The Weekend Watch: Dark Waters

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The Weekend Watch: Dark Waters

Welcome to The Weekend Watch, a weekly column focusing on a movie—new, old or somewhere in between, but out either in theaters or on a streaming service near you—worth catching on a cozy Friday night or a lazy Sunday morning. Comments welcome!

It’s hard to go a single day without seeing a new sign of the corporate-driven apocalypse, the enshittification of this world and its public (and private) services thanks to the God of Capitalism, profit. Whether it’s about the film industry’s obsession with IP movies, our universities’ insistent investment in the military industrial complex or tech companies replacing every good thing in this world with artificial intelligence, there’s plenty to be pessimistic about on a large-scale level. And this specific kind of misery loves cinematic company, so let’s dive headfirst into the polluted deep end with the 2019 legal drama Dark Waters, recently added to Netflix.

Directed by Todd Haynes, who recently didn’t see jack squat at the Oscars for his excellent May December, Dark Waters recounts the real story of corporate defense lawyer Robert Bilott (Mark Ruffalo), who is slowly pushed to the right side of history as he investigates and sues DuPont for poisoning the water, the air and pretty much every living thing that partakes of either. The salt in the wound is that Bilott is employed by a firm that predominantly works to keep chemical companies out of trouble, so he’s burning bridges just by thinking about the case—let alone fighting it tooth and nail for years.

Haynes captures this crushing, consuming obsession in sickly blues, grays and blacks. His movie takes place either in a snooty office allergic to this kind of work, an increasingly tense household, or in the unofficial company town that hates anyone disparaging their biggest employer. I got flashbacks to visiting my parents in Arkansas, where everything is owned by (and named after) Walmart’s Walton family. Arkansans don’t care if Walmart is perpetuating the opioid crisis (it is), they care if food is on the table in front of them while they try to kick this stupid painkiller addiction. Jamelle Bouie wrote something about Dark Waters on his Letterboxd account that stuck with me: “The true horror of capitalism isn’t just that it destroys lives, but that the people afflicted are thankful for the opportunity to work.” It’s in this world of small-scale injustices and globally destructive corporate decisions that Dark Waters exists, blackhearted, cynical and dog tired.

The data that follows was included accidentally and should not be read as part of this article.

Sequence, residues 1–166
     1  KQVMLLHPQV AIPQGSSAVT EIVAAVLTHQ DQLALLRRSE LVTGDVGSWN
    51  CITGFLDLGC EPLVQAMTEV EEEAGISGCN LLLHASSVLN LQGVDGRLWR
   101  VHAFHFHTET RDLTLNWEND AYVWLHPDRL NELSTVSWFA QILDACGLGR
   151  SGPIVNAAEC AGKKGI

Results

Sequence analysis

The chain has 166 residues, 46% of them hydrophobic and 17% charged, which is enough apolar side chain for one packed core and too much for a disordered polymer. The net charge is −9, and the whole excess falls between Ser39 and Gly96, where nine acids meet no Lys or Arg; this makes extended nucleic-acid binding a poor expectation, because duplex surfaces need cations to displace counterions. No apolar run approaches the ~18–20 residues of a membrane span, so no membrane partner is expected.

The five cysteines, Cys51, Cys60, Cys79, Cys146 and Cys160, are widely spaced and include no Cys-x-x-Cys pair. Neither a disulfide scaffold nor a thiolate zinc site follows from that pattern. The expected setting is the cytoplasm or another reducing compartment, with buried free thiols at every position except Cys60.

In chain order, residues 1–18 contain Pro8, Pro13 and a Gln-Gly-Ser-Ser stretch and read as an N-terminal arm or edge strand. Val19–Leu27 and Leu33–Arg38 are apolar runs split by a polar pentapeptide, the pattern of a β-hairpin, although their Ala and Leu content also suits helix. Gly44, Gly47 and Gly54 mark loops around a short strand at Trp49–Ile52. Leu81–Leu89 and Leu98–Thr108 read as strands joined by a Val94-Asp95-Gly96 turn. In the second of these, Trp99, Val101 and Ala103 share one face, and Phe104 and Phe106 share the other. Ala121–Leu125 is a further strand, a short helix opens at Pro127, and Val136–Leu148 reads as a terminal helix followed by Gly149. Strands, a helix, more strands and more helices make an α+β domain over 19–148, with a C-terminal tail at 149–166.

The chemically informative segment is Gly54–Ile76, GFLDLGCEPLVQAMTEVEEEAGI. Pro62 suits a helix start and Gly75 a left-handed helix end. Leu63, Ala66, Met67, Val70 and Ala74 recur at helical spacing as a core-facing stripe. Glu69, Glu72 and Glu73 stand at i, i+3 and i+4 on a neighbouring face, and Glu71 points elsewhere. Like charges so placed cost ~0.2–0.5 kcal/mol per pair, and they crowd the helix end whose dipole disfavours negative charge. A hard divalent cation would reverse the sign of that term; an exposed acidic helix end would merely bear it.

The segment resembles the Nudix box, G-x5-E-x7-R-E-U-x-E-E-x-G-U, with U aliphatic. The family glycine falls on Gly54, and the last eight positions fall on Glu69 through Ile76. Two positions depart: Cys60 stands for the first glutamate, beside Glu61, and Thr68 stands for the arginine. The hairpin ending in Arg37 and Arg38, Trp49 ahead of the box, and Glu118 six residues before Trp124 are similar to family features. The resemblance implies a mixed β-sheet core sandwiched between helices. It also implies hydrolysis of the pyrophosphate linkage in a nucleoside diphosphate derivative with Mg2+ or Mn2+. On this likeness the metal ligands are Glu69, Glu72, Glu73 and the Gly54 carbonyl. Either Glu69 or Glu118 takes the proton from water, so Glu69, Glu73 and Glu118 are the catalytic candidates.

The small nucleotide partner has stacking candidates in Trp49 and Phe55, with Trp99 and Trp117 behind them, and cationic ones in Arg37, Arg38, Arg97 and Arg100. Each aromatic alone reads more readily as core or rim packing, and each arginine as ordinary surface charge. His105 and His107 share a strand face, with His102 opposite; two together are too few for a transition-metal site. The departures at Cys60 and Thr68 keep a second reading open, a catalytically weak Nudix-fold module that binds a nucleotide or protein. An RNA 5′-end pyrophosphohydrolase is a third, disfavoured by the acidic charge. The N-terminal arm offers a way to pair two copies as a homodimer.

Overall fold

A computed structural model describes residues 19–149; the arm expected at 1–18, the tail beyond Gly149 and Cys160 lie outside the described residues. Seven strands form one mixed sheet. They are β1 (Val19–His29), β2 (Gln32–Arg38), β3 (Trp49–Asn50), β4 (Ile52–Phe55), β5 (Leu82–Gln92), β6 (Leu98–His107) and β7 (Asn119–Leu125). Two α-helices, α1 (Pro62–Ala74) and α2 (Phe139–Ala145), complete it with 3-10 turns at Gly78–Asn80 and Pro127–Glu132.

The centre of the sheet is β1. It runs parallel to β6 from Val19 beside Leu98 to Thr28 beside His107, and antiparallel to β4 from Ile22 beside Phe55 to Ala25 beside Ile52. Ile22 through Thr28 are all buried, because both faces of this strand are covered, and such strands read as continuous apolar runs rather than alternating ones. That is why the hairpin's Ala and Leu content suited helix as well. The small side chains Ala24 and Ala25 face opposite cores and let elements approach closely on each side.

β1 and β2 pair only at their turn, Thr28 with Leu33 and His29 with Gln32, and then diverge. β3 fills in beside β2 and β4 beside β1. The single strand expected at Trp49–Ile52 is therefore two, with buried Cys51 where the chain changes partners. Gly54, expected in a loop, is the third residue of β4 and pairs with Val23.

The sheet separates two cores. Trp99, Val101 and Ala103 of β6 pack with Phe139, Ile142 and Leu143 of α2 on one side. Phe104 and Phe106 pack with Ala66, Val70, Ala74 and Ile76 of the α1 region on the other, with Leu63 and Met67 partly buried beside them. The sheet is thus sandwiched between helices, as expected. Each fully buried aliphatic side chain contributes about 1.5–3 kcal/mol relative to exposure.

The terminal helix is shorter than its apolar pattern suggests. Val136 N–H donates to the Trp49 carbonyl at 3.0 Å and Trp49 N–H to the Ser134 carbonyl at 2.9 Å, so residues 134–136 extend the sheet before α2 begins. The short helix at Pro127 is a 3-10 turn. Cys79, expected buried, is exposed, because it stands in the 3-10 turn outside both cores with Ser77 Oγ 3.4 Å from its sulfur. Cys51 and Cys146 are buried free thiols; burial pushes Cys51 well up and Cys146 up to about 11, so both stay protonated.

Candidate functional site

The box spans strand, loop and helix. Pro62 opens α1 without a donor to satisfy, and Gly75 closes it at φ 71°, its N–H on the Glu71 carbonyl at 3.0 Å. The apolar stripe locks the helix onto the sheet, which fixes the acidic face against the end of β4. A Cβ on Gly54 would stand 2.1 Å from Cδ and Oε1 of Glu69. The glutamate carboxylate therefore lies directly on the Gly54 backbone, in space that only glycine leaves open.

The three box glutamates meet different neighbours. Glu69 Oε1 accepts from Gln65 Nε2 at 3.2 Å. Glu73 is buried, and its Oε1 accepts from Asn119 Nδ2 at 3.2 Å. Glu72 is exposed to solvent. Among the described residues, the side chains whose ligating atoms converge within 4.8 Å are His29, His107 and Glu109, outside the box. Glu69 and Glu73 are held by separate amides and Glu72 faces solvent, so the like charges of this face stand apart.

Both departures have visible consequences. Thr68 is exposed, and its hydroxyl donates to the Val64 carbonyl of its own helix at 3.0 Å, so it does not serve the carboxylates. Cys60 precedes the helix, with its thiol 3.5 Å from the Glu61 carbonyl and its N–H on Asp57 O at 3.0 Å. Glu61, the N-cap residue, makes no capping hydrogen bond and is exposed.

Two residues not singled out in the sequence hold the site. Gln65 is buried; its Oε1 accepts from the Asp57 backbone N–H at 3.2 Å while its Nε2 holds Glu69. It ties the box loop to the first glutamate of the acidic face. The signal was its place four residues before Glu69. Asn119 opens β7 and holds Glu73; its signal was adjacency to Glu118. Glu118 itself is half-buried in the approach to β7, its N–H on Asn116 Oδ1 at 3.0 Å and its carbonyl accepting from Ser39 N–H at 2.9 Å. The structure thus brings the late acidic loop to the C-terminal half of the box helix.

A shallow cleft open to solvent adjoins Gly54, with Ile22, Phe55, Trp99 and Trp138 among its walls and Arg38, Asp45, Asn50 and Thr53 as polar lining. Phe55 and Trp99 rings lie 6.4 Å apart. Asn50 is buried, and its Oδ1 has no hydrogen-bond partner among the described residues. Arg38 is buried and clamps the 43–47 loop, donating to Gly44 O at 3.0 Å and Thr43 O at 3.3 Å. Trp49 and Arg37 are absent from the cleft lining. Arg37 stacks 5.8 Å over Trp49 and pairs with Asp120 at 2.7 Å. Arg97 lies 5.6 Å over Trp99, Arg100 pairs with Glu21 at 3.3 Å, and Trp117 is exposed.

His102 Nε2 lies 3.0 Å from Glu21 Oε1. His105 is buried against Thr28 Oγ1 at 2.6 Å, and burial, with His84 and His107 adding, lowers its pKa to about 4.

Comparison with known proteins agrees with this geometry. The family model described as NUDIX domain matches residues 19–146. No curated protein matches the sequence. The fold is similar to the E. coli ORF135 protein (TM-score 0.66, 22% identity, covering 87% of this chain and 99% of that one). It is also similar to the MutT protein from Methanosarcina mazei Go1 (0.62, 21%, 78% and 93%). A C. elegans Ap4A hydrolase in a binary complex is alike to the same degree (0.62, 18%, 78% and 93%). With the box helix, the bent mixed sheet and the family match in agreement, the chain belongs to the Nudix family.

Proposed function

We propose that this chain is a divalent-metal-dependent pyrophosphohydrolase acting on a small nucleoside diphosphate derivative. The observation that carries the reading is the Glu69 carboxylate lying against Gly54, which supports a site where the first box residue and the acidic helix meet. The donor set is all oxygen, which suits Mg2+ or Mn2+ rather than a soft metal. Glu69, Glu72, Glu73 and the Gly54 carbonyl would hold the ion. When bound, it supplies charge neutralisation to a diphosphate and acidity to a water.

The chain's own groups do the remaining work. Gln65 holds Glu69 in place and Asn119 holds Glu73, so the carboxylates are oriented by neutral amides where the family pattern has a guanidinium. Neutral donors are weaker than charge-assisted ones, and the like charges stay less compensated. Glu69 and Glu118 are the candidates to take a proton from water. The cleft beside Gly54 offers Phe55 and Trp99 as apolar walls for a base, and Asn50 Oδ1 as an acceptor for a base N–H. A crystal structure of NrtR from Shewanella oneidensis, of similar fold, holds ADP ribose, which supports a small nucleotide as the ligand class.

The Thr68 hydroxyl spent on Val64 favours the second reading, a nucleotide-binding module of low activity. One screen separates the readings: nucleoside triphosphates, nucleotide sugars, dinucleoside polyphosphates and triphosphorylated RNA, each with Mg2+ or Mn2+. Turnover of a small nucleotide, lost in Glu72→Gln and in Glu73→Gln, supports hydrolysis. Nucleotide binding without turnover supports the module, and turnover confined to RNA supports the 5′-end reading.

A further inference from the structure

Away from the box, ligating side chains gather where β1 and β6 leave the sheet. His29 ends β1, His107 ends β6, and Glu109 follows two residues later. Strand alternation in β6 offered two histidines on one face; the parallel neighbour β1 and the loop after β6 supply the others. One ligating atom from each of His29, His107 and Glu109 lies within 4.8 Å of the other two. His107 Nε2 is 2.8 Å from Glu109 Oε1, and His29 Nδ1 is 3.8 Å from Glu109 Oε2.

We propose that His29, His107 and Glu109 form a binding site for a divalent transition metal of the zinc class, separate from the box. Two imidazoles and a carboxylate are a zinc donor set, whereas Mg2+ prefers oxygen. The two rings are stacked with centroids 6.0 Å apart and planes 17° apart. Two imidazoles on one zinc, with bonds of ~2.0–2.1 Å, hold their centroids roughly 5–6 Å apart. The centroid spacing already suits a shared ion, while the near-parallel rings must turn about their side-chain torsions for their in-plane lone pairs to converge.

Dark Waters is the feel-bad version of Erin Brockovich, like if you woke up as Erin Brockovich and had to fight against Silent Hill’s contaminated groundwater. Bilott erodes as he fights this uphill battle, losing himself mentally and physically while watching his family (led by Anne Hathaway’s searing performance as his wife) grow beyond him. Ruffalo’s slumped, sad, lip-pouting turn is truly pathetic, yet surprisingly steely. A realistic read on the kind of man who would do this, and what it would in turn do to him.

Alongside him, the town he’s trying to inform disintegrates before his (and our) eyes. Cancer, birth defects, death, death, death. Weaseling around and afflicted by this are a stellar cast of supporters: Tim Robbins, Bill Camp, Victor Garber, William Jackson Harper, Bill Pullman. They flesh out a grumbling, frustrated world populated by people who actually look like they’re from Parkersburg, West Virginia.

It is deeply difficult to watch Dark Waters and not want to blow up something important. Definitely don’t read all the investigative journalism the film’s crystal-clear script is based upon, because then that desire becomes unavoidable. Dark Waters, much like May December, was snubbed at the Oscars upon its release, possibly for a similar reason: that what it was saying was a little too based in reality, and a little too unflattering for those with lots of cash to throw around. Whether deconstructing the myth of the movie star, the myth of the method actor, the myth of true love, the myth of the stable job and the compassionate company, or the myth of the American Dream itself, Todd Haynes has been poking the country’s sores for years. Like Bilott, it might not have done him much good in the eyes of the upper crust, but for the rest of us, it looks like the most that anyone can do.

Jacob Oller is Movies Editor at Paste Magazine. You can follow him on Twitter at @jacoboller.

For all the latest movie news, reviews, lists and features, follow @PasteMovies.

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